The influence of composition ratio on the morphology of biomedical polyurethanes

Martin, Darren J., Meijs, Gordon F., Gunatillake, Pathiraja A., Yozghatlian, Setrig P. and Renwick, Gordon M. (1999) The influence of composition ratio on the morphology of biomedical polyurethanes. Journal of Applied Polymer Science, 71 6: 937-952. doi:10.1002/(SICI)1097-4628(19990207)71:6<937::AID-APP9>3.0.CO;2-0

Author Martin, Darren J.
Meijs, Gordon F.
Gunatillake, Pathiraja A.
Yozghatlian, Setrig P.
Renwick, Gordon M.
Title The influence of composition ratio on the morphology of biomedical polyurethanes
Journal name Journal of Applied Polymer Science   Check publisher's open access policy
ISSN 0021-8995
Publication date 1999-02-07
Sub-type Article (original research)
DOI 10.1002/(SICI)1097-4628(19990207)71:6<937::AID-APP9>3.0.CO;2-0
Volume 71
Issue 6
Start page 937
End page 952
Total pages 16
Place of publication Hoboken, NJ, United States
Publisher John Wiley & Sons
Language eng
Formatted abstract
Two series of thermoplastic polyurethane elastomers were synthesized from 4,4′-methylenediphenyl diisocyanate (MDI), 1,4-butanediol (BDO) chain extender, and each of poly(tetramethylene oxide) (PTMO) and poly(hexamethylene oxide) (PHMO) macrodiols. The PTMO and PHMO molecular weights were kept constant at 993 and 852 g/mol, respectively. In the PTMO-based series, the composition ratio was varied between 48 and 58% (w/w) of macrodiol; 2 commercially available PTMO-based polymers were also included. These were Pellethane 2363 80A® and its harder counterpart, Pellethane 2363 55D®. In the PHMO-based series, the composition ratio was varied between 50 and 60% (w/w) of macrodiol. The materials were characterized by differential scanning calorimetry (DSC), dynamic mechanical thermal analysis (DMTA), wide-angle X-ray diffraction (WAXD), and small-angle X-ray scattering (SAXS). Mechanical performance was also assessed by tensile testing, stress hysteresis, and hardness testing. Altering the composition ratio had a similar effect on morphology and properties for both the PTMO and PHMO-based series. An increase in hard segment content was associated with increased hard microdomain crystallinity, hardness, and stiffness. In both series, he beginning of hard microdomain interconnectivity was observed at a composition ratio of 52% soft segment. That is to say, for the processing and annealing conditions employed, macrodiol contents of 52% and below began to produce continuous, rather than discrete, hard microdomains. Pellethane 80A® was shown to have a discrete hard microdomain morphology, while Pellethane 55D® was shown to incorporate interconnecting hard microdomains. It is suggested that the superior biostability performance of Pellethane 55D relative to Pellethane 80A may be related to its interconnecting hard microdomain texture.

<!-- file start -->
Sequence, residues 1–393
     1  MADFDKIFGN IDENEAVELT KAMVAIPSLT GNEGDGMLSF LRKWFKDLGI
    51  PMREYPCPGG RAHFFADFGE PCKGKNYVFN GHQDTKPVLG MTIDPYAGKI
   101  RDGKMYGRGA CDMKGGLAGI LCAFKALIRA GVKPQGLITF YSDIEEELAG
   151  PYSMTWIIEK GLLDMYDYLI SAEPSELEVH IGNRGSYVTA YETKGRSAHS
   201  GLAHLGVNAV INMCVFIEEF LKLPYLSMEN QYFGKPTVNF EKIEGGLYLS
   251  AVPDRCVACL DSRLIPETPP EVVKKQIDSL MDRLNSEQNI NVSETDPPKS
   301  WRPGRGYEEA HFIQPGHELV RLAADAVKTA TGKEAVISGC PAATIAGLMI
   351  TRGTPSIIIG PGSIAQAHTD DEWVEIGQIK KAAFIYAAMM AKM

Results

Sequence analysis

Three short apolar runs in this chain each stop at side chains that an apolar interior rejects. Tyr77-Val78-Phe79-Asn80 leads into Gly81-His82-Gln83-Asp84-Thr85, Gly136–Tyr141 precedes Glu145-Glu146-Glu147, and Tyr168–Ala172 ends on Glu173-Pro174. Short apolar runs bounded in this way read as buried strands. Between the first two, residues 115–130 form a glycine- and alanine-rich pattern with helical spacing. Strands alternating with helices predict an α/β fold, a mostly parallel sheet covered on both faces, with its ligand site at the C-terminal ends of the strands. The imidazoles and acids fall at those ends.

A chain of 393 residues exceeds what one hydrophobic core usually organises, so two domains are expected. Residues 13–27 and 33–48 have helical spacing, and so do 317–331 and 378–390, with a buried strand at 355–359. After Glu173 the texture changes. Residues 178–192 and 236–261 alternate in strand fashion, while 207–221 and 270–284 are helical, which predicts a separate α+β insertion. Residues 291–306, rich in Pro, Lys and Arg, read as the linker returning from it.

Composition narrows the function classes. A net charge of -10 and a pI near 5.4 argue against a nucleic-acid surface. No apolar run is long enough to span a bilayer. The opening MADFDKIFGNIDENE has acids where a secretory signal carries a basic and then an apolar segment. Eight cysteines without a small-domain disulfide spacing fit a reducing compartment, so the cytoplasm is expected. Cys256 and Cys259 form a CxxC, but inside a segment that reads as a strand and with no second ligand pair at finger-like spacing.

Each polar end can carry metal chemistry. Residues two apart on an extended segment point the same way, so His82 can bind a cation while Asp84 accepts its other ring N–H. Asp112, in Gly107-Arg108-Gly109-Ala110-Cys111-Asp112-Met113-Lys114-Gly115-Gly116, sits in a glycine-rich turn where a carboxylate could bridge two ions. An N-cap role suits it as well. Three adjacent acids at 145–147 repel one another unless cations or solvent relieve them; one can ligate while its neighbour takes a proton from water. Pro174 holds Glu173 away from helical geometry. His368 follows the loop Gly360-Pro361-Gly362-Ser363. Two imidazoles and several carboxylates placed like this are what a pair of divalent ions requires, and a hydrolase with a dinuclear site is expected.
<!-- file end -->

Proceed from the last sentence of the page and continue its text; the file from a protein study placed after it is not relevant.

Keyword Pellethane
Q-Index Code C1
Q-Index Status Provisional Code
Institutional Status Non-UQ

Document type: Journal Article
Sub-type: Article (original research)
Collection: Australian Institute for Bioengineering and Nanotechnology Publications
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Created: Tue, 01 Oct 2013, 15:09:08 EST by Cathy Fouhy on behalf of Aust Institute for Bioengineering & Nanotechnology